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How would one display the Cayley table for $F_3 [x]/(x^2 +2)$ and show that it is a ring (I have assumed addition and multiplication are associative and that multiplication is distributive over addition).

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  • $\begingroup$ In $\mathbf F_3[x]$ , $x^2 $\endgroup$ – Bernard May 4 '16 at 15:41
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Hint:

In $\mathbf F_3[x]$ , $x^2+2=x^2-1$, hence by the Chinese remainder theorem, the quotient is isomorphic to $$\mathbf F_3[x]/(x-1)\times\mathbf F_3[x]/(x+1)\simeq\mathbf F_3\times\mathbf F_3.$$

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If you are looking for a less powerful approach than Bernard's answer, you can just write down each element of $\frac{\mathbb{F}_3[x]}{x^2+2}$. $$\frac{\mathbb{F}_3[x]}{x^2+2} = \{ a_0 + a_1 \alpha \ | \ \alpha^2=-2 = 1 \textrm{ and } a_0,a_1\in \mathbb{F}_3\}.$$ When you take a quotient of a ring by an ideal, you always get a ring. But you can write down the multiplication table if you wanted to.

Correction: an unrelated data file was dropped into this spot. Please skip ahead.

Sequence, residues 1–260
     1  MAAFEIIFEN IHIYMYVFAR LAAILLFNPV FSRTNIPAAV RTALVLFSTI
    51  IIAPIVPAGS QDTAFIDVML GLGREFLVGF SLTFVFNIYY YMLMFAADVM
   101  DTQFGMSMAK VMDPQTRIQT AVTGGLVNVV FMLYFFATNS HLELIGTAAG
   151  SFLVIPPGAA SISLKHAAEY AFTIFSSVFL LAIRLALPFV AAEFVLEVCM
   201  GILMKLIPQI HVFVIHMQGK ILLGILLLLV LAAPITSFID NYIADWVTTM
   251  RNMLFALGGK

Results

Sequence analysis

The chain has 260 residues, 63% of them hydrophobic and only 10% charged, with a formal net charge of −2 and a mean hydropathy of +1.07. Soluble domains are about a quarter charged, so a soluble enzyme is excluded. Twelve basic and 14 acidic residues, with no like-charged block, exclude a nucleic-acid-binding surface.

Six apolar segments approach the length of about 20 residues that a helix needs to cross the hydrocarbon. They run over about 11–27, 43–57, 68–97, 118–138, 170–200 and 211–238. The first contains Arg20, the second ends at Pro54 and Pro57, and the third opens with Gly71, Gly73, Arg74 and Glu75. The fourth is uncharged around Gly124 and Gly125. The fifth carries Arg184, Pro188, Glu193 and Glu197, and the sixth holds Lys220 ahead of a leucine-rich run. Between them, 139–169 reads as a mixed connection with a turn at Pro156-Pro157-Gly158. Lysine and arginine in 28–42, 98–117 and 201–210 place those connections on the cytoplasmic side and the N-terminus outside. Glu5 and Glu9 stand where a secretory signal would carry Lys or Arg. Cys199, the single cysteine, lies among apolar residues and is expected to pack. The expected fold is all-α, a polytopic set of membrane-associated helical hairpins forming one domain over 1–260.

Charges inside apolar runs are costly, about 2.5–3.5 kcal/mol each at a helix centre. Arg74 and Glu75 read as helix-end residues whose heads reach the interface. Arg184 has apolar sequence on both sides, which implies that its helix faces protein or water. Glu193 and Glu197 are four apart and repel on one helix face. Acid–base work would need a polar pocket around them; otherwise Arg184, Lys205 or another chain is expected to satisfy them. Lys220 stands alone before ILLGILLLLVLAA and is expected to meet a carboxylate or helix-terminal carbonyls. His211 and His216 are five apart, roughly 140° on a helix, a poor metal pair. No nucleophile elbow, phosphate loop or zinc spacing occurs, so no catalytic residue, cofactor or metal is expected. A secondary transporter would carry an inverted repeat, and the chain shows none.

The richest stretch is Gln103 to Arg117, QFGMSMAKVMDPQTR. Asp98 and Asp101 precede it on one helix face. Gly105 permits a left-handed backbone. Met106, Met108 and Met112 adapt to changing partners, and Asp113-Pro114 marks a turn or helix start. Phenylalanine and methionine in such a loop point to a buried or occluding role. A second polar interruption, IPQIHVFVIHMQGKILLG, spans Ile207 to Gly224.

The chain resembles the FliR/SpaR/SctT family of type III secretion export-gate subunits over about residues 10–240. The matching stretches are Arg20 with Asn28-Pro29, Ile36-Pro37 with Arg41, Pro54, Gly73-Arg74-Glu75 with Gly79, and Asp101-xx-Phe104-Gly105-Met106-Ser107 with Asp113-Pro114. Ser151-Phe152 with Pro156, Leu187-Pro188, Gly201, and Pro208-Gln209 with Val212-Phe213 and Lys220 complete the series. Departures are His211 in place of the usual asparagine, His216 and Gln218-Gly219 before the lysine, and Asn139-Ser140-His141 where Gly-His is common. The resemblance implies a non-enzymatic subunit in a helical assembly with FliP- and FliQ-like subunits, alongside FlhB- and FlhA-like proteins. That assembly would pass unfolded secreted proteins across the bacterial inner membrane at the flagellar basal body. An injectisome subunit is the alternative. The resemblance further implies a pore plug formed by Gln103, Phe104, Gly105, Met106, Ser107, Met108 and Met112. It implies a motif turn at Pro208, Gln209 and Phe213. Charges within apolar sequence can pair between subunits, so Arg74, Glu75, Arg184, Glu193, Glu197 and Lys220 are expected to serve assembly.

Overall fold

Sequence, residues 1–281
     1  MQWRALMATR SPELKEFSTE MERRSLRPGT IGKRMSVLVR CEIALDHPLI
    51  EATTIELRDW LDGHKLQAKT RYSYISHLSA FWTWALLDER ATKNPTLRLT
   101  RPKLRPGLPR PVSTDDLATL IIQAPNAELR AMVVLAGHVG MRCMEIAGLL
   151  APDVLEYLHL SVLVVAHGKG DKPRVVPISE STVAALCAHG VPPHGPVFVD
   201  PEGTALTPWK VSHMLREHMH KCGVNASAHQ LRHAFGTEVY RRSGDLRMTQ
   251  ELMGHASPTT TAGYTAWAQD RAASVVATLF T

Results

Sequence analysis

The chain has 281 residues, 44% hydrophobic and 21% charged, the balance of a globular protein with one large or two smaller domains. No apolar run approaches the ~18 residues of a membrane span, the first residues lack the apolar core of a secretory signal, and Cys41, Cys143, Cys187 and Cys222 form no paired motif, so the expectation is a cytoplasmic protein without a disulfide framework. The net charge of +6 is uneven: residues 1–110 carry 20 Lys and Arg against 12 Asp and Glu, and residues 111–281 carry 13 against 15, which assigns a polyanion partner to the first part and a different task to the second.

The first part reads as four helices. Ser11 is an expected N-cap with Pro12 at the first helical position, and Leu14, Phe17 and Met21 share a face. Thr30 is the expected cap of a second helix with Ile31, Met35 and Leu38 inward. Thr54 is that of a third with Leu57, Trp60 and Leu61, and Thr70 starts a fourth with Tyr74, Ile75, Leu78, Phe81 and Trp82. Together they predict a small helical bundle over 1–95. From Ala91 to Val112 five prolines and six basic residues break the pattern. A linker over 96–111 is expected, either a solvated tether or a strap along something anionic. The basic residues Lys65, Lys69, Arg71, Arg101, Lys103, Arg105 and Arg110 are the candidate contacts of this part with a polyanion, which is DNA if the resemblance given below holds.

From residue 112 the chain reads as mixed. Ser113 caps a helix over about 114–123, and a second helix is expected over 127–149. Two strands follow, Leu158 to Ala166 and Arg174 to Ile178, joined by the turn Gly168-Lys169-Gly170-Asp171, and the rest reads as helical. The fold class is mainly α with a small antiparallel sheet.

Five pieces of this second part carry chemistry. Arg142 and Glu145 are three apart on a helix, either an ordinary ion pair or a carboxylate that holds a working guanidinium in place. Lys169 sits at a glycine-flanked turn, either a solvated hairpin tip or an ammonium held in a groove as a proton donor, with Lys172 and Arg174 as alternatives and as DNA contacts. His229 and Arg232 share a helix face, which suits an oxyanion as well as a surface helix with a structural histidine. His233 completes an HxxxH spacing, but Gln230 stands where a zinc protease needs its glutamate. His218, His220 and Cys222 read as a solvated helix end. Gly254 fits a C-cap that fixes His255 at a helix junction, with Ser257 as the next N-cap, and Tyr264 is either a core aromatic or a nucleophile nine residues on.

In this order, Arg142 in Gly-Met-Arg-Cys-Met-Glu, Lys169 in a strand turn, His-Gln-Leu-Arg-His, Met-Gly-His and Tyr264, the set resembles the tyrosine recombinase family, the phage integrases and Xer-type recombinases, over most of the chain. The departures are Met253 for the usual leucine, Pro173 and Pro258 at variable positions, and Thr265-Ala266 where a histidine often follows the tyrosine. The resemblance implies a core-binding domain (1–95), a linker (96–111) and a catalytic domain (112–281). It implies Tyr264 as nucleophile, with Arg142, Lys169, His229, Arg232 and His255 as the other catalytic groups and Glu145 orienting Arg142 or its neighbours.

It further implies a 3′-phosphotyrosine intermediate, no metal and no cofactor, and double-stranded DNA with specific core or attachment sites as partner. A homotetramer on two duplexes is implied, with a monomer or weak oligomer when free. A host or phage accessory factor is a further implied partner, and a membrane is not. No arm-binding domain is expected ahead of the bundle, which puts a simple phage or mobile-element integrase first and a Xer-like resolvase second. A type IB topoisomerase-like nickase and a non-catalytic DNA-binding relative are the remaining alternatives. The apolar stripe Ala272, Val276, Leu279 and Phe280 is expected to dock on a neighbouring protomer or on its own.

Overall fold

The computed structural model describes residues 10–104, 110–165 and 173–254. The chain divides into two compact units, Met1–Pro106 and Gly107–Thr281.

For example: $(1 + \alpha)*\alpha = \alpha + \alpha^2 = \alpha + 1$.

Another example: $(1 + 2\alpha)*(2+\alpha) = (2 + \alpha + 4\alpha + 2\alpha^2) = 2 +5\alpha + 2\alpha^2 = 2 + 2\alpha + 2 = 4 + 2\alpha = 1 + 2\alpha.$

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